No sooner have I lost one inventive piece of TV in Inside No 9 than another steps in to fill the void. Rick and Morty is back, and it enters its fifth series at a confident pace, pitting Rick against an Atlantean enemy in a funny and strong episode showcasing how much Morty has changed.
Rick and Morty (both Justin Roiland) are on an adventure that has gone perilously wrong, and it seems neither of them may make it out alive. A phone call to his crush, Jessica (Kari Wahlgren), kicks a little passion into Morty, and he manages to execute a daring crash landing in Earth’s ocean. Rick is horrified, however, as the ocean is home to his nemesis, Mr Nimbus (Dan Harmon), and he has now violated the terms of a treaty. Rick invites Nimbus to dinner to smooth things over, and dispatches Morty to another world to pick up some fine wine.
As is typical of Rick and Morty, the episode of both self-aware and packed with great lines
The end of series four left Rick and Morty in an interesting place, and I was delighted to see ‘Mort Dinner Rick Andre’ continue the show’s development. Rick is still a deeply unhappy man, Morty and Summer (Spencer Grammer) are in a place where they can deal with adventures on their own (though Summer gets very little to do this episode) and, most incredibly, Beth (Sarah Chalke) and Jerry (Chris Parnell) are working to overcome their relationship issues – watching them and their new ‘sex-positive’ attitude is certainly something. I loved the introduction of Nimbus, a fey Aquaman-type who loves sex and can control the police with his crotch. He’s the latest in a long list of bizarre side characters that make a big impact, and he’s a fascinating adversary for Rick. Even Jerry is initially unimpressed.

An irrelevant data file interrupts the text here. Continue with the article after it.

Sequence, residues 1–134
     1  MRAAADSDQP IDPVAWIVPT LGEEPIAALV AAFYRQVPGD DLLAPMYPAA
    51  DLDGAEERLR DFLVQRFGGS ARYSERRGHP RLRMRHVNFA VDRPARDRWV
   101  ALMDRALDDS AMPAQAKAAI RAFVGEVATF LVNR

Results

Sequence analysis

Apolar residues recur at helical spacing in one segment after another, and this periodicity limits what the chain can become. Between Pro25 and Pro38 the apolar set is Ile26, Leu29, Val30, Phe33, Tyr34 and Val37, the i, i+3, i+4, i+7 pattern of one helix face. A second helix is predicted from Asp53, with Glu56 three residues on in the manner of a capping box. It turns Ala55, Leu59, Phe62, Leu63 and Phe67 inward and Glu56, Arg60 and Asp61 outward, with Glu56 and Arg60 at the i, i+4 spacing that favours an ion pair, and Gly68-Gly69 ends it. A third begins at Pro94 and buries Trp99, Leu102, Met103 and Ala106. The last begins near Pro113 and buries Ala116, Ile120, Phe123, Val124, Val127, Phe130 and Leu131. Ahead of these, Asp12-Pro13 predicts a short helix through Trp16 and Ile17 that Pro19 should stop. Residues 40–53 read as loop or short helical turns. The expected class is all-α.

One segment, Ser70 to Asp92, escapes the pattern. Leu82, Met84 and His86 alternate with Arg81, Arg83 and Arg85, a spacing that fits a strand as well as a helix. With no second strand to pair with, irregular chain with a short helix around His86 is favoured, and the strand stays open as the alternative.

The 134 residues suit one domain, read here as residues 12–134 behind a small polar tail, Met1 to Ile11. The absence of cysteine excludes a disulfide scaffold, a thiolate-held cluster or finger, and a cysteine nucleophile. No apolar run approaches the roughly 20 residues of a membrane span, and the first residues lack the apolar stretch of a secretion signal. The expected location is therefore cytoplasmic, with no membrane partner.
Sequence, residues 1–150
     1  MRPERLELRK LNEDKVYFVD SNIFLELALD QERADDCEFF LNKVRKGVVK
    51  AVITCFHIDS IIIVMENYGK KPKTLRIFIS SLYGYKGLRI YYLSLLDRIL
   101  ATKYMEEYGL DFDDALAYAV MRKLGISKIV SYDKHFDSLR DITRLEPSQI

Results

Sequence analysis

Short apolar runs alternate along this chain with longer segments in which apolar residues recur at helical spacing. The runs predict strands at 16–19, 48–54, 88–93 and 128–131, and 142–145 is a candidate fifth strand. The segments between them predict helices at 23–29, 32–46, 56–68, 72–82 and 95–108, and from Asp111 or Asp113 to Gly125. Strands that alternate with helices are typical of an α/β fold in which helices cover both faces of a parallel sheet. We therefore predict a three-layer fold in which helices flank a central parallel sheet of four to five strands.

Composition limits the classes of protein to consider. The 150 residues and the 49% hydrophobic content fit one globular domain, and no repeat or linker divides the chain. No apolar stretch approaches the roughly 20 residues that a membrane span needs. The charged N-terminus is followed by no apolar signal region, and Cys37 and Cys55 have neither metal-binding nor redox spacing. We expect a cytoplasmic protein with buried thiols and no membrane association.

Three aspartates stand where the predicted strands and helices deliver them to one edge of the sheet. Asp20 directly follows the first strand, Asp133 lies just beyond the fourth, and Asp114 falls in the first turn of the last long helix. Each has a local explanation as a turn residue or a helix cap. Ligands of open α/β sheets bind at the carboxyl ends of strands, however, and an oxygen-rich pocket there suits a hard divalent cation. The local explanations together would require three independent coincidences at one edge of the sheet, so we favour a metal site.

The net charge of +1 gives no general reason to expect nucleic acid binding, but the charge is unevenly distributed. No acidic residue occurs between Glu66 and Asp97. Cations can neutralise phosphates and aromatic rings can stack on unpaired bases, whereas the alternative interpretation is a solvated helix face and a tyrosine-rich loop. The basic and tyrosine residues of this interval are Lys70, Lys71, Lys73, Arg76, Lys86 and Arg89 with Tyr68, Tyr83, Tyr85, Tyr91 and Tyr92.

Despite the set-up of the episode suggesting a conflict between Rick and Nimbus, ‘Mort Dinner Rick Andre’ is largely a Morty-focused instalment. We see the impact of these adventures on the teenager, and not just in his brilliant assertion that “I haven’t been to a full week in school in years – I don’t know shit!”. Morty is becoming just as capable and Rick, and just as willing to slaughter civilisations to get his way – in a genius B-plot, a bit of dimension-hopping with a friendly traveller called Hoovy (Jim Gaffigan) leads to generations of tragedy and a society dedicated to killing Morty. It’s the kind of incredible story that Rick and Morty excels with. I don’t know if the Jessica side of Morty’s story really works – in all frankness, she’s been a bit of a non-character for the show’s run – but it’s nice to see something happen with her.
‘Mort Dinner Rick Andre’ is not the biggest series premiere we’ve ever seen in Rick and Morty, but I think it’s a very enjoyable start that proves the show is still inventive, clever, and very funny
As is typical of Rick and Morty, the episode of both self-aware and packed with great lines. Rick is furious with Nimbus’ attempts to expand his backstory and establish continuity, and it’s a cracking observation that he can just turn up at the end and “deus ex machina” the shit out of a situation. There’s a good side-gag of the Nintendo 69 and, as a huge fan of Frasier, I loved Rick’s annoyance at holding a private conversation with Morty: “You see this whisper kitchen Frasier shit you’re making me do.” I love the new, positive Jerry too – Jerry moments are always brilliant, that’s the one rule of this show.
‘Mort Dinner Rick Andre’ is not the biggest series premiere we’ve ever seen in Rick and Morty, but I think it’s a very enjoyable start that proves the show is still inventive, clever, and very funny. We’ve got relationship dramas, family dramas, lots of character development, gags, and a sci-fi odyssey that lasts generations, all packed into 22 minutes without any sense of clutter or lag. If the rest of the run continues as this quality – a typical Rick and Morty quality that will definitely appeal to fans of the show – then we’re guaranteed a good one.